What you need to know about Premenstrual Dysphoric Disorder
Most, if not all, people who menstruate have experienced the physical or emotional that symptoms that come before your period starts. The term ‘Premenstrual Syndrome’ or PMS for short is commonly used to refer to these symptoms. With time, having a few weird food cravings or an occasional bout of mood swings becomes the telltale sign of an upcoming period.
While most people may be able to manage these mild symptoms with a combination of rest and remedies, for others, the emotional symptoms occurring before your period can become a serious issue. This health problem can be considered an upscale from the more commonly experienced PMS and is called ‘Premenstrual Dysphoric Disorder’ or PMDD for short.
What is Premenstrual Dysphoric Disorder (PMDD)
PMDD is a condition similar to PMS in that it also happens in the week or two before your period is about to start. But, it is different from PMS in that its symptoms are more severe and interfere with your daily life. These symptoms include, but are not limited to:
- Depression or feelings of hopelessness
- Severe mood swings
- Intense anger
- Difficulty concentrating
- Tension and anxiety
- Fatigue and decreased interest in usual activities
- Physical symptoms like cramps, bloating or joint/muscle pain
PMDD affects about 5% of women of childbearing age. While there is no clear answer as to what causes PMDD, some researchers attribute the condition to the hormonal changes that occur in the body during the menstrual cycle.
The fluctuation of the hormone ‘Serotonin’ during one’s period can also be the cause. Other factors like a history of PMDD in the family, thyroid disorders, or obesity can also worsen the symptoms of PMDD.
If the emotional and physical symptoms you experience before your period are persistent, severe, and debilitating to the point where it interferes with your daily life, there might be a chance you have PMDD.
PMDD symptoms are also known to go away shortly after you start your period. If you suspect that any of your premenstrual symptoms are severe enough to change your usual course of life, you should definitely consider consulting your doctor. They can in turn help in diagnosing the problem and chart out a suitable plan of action.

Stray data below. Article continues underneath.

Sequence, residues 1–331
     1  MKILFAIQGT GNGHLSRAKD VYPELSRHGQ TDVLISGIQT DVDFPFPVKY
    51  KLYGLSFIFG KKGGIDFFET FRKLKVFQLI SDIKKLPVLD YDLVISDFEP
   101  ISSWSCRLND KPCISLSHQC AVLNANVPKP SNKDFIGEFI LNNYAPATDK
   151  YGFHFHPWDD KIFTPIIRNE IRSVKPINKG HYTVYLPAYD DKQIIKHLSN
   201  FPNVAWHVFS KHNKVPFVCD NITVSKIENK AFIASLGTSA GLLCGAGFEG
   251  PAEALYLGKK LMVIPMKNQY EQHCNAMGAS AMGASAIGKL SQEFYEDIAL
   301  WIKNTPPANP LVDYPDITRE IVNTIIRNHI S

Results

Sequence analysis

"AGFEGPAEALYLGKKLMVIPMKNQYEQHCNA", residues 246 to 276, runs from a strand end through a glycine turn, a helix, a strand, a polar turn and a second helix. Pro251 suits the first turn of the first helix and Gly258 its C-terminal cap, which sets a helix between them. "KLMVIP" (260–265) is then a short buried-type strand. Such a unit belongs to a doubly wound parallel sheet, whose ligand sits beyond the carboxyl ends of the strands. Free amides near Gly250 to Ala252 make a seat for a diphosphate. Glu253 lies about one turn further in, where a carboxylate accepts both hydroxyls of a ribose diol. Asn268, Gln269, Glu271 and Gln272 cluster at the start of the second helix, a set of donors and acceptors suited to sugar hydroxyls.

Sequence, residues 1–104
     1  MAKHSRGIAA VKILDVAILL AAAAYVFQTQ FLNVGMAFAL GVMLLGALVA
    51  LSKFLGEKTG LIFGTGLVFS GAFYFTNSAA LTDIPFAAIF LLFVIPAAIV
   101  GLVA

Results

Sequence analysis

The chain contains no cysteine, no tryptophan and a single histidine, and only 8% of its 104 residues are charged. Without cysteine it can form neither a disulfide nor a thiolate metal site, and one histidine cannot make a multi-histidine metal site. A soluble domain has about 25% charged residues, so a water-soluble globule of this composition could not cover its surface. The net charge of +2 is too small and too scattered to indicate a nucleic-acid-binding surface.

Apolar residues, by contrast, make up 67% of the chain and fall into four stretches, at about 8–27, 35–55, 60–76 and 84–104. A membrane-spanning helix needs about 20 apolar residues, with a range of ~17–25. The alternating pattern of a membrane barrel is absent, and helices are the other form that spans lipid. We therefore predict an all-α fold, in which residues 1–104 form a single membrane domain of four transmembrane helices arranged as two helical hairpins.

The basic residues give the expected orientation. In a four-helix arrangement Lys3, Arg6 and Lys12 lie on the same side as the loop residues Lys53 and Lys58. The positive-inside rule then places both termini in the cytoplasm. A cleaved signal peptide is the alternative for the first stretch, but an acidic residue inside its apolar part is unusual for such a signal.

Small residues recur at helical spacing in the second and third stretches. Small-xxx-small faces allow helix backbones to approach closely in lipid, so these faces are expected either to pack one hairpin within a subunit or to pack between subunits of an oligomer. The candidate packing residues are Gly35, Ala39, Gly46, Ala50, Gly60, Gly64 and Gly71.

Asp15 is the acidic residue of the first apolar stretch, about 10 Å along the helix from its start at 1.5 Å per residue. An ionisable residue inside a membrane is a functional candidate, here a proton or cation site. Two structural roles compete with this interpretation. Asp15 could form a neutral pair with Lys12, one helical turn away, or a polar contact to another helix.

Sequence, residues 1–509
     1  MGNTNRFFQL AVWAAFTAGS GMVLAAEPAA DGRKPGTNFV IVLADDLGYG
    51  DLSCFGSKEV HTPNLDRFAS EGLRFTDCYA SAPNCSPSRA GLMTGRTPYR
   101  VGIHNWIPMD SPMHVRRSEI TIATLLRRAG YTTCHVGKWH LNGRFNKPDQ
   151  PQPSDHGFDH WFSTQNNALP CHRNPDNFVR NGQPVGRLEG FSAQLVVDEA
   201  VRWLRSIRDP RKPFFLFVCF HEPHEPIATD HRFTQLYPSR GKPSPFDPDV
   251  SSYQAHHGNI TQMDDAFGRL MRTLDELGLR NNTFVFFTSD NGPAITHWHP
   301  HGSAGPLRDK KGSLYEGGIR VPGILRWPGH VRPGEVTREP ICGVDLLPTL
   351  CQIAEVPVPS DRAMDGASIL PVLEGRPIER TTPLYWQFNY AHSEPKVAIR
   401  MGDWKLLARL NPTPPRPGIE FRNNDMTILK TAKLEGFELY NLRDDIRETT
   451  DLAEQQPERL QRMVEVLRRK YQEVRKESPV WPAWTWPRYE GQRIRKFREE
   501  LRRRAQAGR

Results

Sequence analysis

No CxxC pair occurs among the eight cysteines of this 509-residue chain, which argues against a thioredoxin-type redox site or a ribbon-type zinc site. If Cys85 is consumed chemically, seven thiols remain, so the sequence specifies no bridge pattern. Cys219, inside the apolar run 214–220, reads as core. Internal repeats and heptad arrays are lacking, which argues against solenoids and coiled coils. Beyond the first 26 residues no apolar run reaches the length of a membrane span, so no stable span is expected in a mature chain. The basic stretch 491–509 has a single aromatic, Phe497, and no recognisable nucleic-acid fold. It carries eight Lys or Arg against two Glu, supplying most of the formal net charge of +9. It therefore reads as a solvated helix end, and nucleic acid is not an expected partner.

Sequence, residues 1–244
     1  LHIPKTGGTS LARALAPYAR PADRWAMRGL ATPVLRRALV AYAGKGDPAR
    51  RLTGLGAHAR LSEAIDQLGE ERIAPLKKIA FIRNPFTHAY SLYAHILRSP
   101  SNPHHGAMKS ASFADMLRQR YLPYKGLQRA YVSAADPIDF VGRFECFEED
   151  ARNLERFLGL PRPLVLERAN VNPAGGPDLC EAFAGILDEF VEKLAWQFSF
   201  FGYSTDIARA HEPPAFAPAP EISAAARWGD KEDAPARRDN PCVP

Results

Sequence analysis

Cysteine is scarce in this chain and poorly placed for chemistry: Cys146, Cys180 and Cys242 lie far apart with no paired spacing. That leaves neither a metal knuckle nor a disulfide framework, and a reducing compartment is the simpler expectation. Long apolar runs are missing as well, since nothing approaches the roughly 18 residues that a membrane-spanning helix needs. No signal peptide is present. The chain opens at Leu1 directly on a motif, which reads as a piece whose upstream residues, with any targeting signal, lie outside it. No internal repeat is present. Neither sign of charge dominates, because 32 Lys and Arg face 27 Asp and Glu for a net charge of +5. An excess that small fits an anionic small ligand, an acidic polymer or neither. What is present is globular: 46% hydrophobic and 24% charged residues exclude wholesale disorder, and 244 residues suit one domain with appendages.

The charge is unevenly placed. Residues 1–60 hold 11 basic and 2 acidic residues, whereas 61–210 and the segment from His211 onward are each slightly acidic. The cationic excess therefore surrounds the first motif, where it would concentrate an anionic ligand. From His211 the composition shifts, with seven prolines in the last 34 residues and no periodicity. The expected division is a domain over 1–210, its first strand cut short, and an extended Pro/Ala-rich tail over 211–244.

How is PMDD treated?
PMDD can be managed with a combination of lifestyle changes as well as meditation and supplements. If you are experiencing PMDD because of the fluctuation of the hormone Serotonin, your doctor may prescribe you antidepressant medication which can help regulate the hormone better. Alternatively, you may even be prescribed birth control pills to help with hormonal imbalances that worsen the emotional symptoms of PMDD.
To manage the physical symptoms like cramps or bloating, you may have to take over-the-counter pain medication. Apart from medication, healthy changes in your life can help make PMDD symptoms more manageable. Eating a nutritious, balanced diet, practicing meditation and relaxation techniques as well as engaging in regular exercise are proven to be beneficial.
PMDD is a condition that can affect all aspects of your life in the one or two weeks during the month in which it flares up. The symptoms of PMDD are severe enough to disrupt your normal life. But, if diagnosed properly, it can be managed through a combination of medication and healthy changes.
PMDD is often dismissed as PMS and therefore can go untreated for a long time. Even if you don’t have PMDD, it is important to know what it is so you can recognise if someone else is going through it.